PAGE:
(18) With the aim of delivering an inclusive and sustainable growth , cooperation in the coming decade should focus inter alia on high-impact activities that can leverage investments with the aim of realising the huge combined potential of our partnership. In the Green Paper, the Commission states that the EU should consider new Joint Strategies for Inclusive and Sustainable Growth in partnership with the individual or regional groupings of countries, also involving private sector stakeholders and civil society organisations. This issue is particularly relevant with respect to the EU-Africa partnership.

(19) The objective of inclusive growth should underpin EU-African initiatives for a broad-based and balanced growth and increased investment that helps reducing poverty and inequality.

- In order to work towards high-employment economies that foster social cohesion , initiatives to extend social protection coverage to the most vulnerable, to create a multi-level dialogue in particular on informal economy issues, to enhance labour market governance and to support the harmonisation process of the labour and social protection frameworks at regional level in Africa will be promoted.

- Better provision of services and infrastructures are other important issues for stronger private sector activity, as well as a source of growth and employment. The accessibility, affordability and reliability of basic services in transport, health, communication and finance in particular are essential preconditions for the growth and development of all other sectors of the economy. The Africa-EU Partnership on Infrastructure provides a strategic framework to address Africa's missing links, supported by the Infrastructure Trust Fund as innovative instrument for blending grants and loans. The EU will continue to address the infrastructure gap, by stepping up its focus on energy, ICT, water and transport, while simultaneously fostering the role of the private sector as the main engine for growth and infrastructure financing. In complement, initiatives towards improved regulatory and legal frameworks will continue to be supported at national and regional level to create conditions for investment and proper market functioning.

- Cooperation on skills, innovation and entrepreneurship should be strengthened given its unique potential to fast-track Africa's development and deliver a tangible impact across all socio-economic sectors. In the field of S&T, the development of ICTs and affordable e-services in Africa will be a core objective. In the field of space, initiatives such as GMES and Africa or satellite navigation (EGNOS and Gallileo) will be further promoted. In the field of higher education and training, programmes such as Erasmus Mundus, Media Mundus, Edulink Nyerere, Youth in Action, Marie Curie or "Tuning Educational Structures" initiatives are expected to contribute to the agenda of smart and inclusive growth, as will the cooperation among professionals of the culture sector. In the process of setting up the Pan-African University, the EU will encourage best practice sharing with the EIT on how to integrate fully the knowledge triangle (Education, Business and Research).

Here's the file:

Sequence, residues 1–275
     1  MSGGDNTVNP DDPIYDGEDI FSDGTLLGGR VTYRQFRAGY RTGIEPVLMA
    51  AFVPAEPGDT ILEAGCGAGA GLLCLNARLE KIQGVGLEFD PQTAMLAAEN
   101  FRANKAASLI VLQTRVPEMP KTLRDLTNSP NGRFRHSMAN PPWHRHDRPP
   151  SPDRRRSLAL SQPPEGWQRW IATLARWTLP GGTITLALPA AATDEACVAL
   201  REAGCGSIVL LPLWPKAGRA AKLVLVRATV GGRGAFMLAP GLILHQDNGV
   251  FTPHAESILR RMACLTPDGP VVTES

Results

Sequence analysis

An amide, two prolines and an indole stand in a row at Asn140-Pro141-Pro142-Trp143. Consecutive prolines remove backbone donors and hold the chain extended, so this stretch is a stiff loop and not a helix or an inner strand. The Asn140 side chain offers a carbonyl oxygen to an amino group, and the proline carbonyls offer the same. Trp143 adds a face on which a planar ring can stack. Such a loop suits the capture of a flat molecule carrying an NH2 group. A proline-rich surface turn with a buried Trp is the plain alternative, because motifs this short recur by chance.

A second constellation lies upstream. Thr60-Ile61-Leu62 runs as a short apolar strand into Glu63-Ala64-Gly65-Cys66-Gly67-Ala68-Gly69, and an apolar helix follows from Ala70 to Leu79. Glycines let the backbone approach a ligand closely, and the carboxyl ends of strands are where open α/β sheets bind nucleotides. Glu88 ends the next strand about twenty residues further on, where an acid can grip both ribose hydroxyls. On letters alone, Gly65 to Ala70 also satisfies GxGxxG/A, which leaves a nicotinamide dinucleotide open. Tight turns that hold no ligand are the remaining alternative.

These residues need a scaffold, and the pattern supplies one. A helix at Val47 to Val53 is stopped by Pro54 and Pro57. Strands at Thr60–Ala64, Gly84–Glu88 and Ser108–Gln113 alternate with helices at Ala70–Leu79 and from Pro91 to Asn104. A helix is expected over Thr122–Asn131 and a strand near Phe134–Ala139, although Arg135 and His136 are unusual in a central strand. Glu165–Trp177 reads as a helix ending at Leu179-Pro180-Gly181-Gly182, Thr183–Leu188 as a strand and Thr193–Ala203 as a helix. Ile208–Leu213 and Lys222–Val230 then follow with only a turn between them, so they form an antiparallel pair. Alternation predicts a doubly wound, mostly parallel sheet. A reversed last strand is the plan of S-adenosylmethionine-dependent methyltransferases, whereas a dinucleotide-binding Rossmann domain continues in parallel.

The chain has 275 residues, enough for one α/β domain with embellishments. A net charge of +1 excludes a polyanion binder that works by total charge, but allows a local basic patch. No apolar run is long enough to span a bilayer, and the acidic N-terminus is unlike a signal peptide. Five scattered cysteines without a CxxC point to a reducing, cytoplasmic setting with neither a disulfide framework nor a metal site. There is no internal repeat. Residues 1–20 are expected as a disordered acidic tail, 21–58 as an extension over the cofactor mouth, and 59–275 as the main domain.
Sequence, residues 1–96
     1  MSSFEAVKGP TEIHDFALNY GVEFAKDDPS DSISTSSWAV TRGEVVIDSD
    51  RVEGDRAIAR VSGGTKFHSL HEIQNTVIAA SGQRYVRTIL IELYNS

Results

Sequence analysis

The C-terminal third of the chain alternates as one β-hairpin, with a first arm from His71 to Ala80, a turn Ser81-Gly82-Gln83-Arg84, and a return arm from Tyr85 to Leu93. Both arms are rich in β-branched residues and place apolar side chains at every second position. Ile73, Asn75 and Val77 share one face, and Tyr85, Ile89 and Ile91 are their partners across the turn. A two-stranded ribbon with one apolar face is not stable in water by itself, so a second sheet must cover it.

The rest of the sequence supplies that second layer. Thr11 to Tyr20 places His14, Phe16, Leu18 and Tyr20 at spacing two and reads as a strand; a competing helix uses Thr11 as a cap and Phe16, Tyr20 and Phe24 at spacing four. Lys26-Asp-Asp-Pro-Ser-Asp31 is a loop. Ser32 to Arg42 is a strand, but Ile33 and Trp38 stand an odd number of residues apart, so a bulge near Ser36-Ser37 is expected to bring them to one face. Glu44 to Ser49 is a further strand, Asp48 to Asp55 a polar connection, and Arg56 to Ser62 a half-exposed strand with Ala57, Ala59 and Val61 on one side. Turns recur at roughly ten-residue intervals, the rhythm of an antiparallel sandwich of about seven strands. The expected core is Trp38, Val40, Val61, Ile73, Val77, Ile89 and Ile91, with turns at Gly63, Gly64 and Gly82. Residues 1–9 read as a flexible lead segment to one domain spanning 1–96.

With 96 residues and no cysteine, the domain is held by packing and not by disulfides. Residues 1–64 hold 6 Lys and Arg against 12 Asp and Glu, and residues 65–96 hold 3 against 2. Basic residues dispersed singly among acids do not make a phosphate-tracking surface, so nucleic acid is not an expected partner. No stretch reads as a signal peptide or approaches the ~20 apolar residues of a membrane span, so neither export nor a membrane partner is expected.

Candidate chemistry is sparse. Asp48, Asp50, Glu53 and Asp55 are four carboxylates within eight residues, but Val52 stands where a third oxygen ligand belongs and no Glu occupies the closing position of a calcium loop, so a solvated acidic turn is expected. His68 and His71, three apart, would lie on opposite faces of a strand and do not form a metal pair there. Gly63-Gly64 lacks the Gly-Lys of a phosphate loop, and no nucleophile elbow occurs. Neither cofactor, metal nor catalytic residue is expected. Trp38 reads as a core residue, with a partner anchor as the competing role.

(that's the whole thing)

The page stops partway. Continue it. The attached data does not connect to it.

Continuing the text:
- Cooperation on migration and mobility will focus on the ways to ensure legal migration, including circular migration, in direct connection with labour market requirements and employment opportunities in both continents. It will also aim to reduce irregular migration flows and address the issue of particularly vulnerable groups such as refugees, asylum seekers and unaccompanied minors. It will address the challenge of how to involve African diasporas more effectively in development process. Initiatives such as the African Remittances Institute, the Migration Observatory, the Diaspora Outreach Initiative and the Human Trafficking Initiative will be promoted in that respect.

(20) The objective of sustainable growth should underpin EU-African initiatives for the development of efficient, green and competitive economies.

- Regional integration in all its aspects is a powerful driver for stability, growth and development. Many African countries share common resources, such as natural resources, and are faced by equally common challenges, such as lack of infrastructure or low agricultural productivity. Integration can be mutually beneficial and induce a positive agenda of reforms, enhanced cooperation, and improved security. Regional integration can help African countries to reap the benefits of economies of scale, stronger competition, and more domestic and foreign investment. Trade also acts as a catalyst for private sector activity and investment by contributing to a favourable investment environment and providing access to markets and essential inputs. A managed market opening that takes into account the needs and capacities of developing economies and is combined with appropriate national policies and support, has delivered demonstrable results globally. In this respect, trade agreements can help improve economic governance by contributing to the establishment of a stable regulatory framework for the economy. The EU therefore remains committed to further deepen its long-standing trade relations with Africa with a view to contributing to the latter's long-term prosperity and well-being, notably via the conclusion of the Economic Partnership Agreements.

- The area of raw materials can be a clear domain of mutually beneficial cooperation to develop the sustainable development and supply of raw materials . Joint cooperation could be fostered and extended to the private sector to create mutually beneficial opportunities for both continents, for example on the basis of the Commission Communication on raw materials and the AU Commission's Mining Vision 2050. Specific actions will focus on governance (including EITI), infrastructure and investments, and geological knowledge and skills. Sustainable consumption and production also relies on small and medium-sized enterprises, to increase resource efficiency for greener production and develop more competitive companies. Building on African initiatives such as the African Union 10-Year Framework Programme on Sustainable Consumption and Production, the creation of a SWITCH Africa Programme could be considered to support long-term sustainable economic growth and competitiveness.